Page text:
Cincinnati wrap-up: Bama’s beatdown was an initiation into big-time football for Bearcats

Alabama Crimson Tide

Down its most clutch receiver and faced with playing one of the best pass defenses on its 2021 schedule, Alabama used Friday’s win over the Cincinnati Bearcats to both reach the College Football Playoff final, as well as deliver a message on behalf of all Power 5 superpowers: The Bearcats were simply not ready for this kind of physical challenge.

Alabama rolled up nearly 500 yards of offense against Cincinnati, but that feat had been accomplished several times against other opponents this year. The way Alabama did it, though, was demoralizing. Alabama rushed for 301 yards on a staggering 47 carries against the Bearcats, delivering a ground-pounding attack rarely seen in Tuscaloosa for much of the last decade – if not longer.

Cincinnati’s Luke Fickell deployed a 3-3-5 stack alignment against Alabama, a defense designed to limit what Heisman Trophy QB Bryce Young could do against an already stout secondary. That alignment, though, depended on Cincinnati’s front six to contain Alabama RB Brian Robinson Jr. without additional help from the back.

They didn’t.

Robinson carried the ball 26 times for 204 yards, and while he didn’t score, he was pretty much Alabama’s offense between the 20s. Cincinnati never really stopped Robinson; occasionally, he got tired and had to be taken out of the game, which was the only thing separating Cincinnati from a much more lopsided score.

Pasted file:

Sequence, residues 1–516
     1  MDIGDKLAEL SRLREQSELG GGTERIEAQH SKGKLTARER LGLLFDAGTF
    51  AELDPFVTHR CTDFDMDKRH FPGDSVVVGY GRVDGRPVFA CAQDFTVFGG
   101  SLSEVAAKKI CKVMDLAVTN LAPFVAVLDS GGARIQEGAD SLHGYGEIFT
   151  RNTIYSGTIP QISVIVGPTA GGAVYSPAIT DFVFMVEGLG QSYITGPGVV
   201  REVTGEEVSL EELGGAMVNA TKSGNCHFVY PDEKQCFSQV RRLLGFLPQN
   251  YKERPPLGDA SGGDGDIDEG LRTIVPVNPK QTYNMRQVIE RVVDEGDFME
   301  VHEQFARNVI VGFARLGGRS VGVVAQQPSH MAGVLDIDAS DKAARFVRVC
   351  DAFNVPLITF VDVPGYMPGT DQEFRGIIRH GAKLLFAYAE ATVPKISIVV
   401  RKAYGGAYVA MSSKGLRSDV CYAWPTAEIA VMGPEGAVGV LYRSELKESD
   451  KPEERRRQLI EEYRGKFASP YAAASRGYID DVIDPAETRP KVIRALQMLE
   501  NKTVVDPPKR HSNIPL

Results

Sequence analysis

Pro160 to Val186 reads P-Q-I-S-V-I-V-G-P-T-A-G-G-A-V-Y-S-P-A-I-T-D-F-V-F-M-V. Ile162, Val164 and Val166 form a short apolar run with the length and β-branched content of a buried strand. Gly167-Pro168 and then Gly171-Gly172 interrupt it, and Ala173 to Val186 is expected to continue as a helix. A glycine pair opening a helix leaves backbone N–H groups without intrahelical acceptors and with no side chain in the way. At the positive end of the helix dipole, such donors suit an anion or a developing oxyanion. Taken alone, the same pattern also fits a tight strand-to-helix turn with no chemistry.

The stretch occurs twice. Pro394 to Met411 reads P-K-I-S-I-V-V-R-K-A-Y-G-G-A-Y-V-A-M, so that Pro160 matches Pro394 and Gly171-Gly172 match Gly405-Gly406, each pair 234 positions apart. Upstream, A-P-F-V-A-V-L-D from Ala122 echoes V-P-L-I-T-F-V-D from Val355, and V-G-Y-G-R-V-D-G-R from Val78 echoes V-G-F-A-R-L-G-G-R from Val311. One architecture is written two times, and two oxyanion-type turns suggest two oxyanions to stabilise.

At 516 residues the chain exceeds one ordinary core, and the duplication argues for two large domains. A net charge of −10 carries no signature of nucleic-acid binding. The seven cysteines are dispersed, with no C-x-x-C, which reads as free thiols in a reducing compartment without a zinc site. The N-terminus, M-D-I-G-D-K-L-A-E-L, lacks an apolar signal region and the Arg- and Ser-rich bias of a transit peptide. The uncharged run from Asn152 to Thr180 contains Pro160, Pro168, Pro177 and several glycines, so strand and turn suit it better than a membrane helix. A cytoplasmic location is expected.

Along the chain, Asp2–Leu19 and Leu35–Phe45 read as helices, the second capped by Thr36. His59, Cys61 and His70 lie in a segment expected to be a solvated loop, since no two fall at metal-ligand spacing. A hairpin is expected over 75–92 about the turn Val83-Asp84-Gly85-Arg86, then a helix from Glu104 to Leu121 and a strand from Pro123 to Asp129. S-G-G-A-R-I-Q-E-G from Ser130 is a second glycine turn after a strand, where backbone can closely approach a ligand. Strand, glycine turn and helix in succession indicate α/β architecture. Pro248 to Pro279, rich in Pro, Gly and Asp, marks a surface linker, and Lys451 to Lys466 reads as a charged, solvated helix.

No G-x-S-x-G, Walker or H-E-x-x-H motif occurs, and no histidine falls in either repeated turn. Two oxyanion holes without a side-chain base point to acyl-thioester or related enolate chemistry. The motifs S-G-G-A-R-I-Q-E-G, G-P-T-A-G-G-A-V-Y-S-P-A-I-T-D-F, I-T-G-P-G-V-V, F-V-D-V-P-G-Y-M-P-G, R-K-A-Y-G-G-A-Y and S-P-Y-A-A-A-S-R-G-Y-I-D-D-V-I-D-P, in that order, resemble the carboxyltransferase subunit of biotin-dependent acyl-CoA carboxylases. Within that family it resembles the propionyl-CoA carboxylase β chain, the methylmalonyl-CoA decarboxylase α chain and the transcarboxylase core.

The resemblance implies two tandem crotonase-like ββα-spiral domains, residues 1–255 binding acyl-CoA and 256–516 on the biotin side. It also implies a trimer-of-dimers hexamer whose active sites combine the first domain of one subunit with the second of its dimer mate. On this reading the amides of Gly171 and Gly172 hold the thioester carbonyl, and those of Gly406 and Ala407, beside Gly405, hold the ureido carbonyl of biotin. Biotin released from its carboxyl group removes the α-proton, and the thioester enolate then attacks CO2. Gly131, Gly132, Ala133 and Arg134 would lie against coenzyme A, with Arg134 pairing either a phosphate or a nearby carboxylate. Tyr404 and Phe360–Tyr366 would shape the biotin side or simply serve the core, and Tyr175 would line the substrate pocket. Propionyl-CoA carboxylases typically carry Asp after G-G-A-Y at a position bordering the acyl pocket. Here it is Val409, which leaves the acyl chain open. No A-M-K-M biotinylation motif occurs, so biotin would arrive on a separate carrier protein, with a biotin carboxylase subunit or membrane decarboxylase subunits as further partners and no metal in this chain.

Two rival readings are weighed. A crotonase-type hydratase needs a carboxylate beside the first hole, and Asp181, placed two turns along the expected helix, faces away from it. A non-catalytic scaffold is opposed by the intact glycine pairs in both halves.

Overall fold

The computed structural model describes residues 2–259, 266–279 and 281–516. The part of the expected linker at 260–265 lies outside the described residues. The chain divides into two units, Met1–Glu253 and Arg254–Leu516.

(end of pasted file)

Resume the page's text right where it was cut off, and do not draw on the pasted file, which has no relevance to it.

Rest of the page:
There was a lot of discussion in the run-up to this game as to whether Cincinnati belonged in the College Football Playoff at all. The Bearcats’ appearance was framed as a “historic” event, as finally a Group of Five team had broken through the glass ceiling. Surely, an upset would follow.

But Cincinnati was never really in this game. The Bearcats needed Alabama to make multiple, critical errors to put the Bearcats in a position to pull the upset, and Alabama simply would not do that. Bryce Young threw an interception in this game, but the Bama defense drove the Cincinnati offense backward from there. JoJo Earle muffed a punt, but Ga’Quincy McKinstry recovered it. Will Reichard missed a field goal thanks to an iffy hold from James Burnip. But that was the extent of it all.

When the Bearcats had the ball, the size and speed of Bama’s defensive front exposed the Cincinnati offensive line as a near sham. While Bama transfer RB Jerome Ford put up respectable numbers (15 carries for 77 yards, 3 catches for 15 yards), the rest of the Bearcat offense was rendered irrelevant. Quarterback Desmond Ridder was held to 145 yards passing and 4.5 yards per attempt. Top receiver Alec Pierce had 2 meaningless catches for 17 total yards. Alabama shut down Cincinnati’s vaunted tight ends. Only Notre Dame transfer Michael Young Jr. was anything close to a threat, as he picked up a couple of key first downs and was responsible for the longest play from scrimmage for Cincinnati, a 28-yard catch.

It was the kind of physical mismatch that became apparent early in the game and only got worse from there. The question of whether Cincinnati belonged on this stage? Highly debatable. The Bearcats seem to have a talent level somewhere between Arkansas and Ole Miss, as SEC teams go. Cincinnati is better-balanced than either of those, and Fickell’s extensive defensive background makes for a good schemer, but if Jimmies and Joes trump Xs and Os, the Bearcats weren’t playing with a full deck.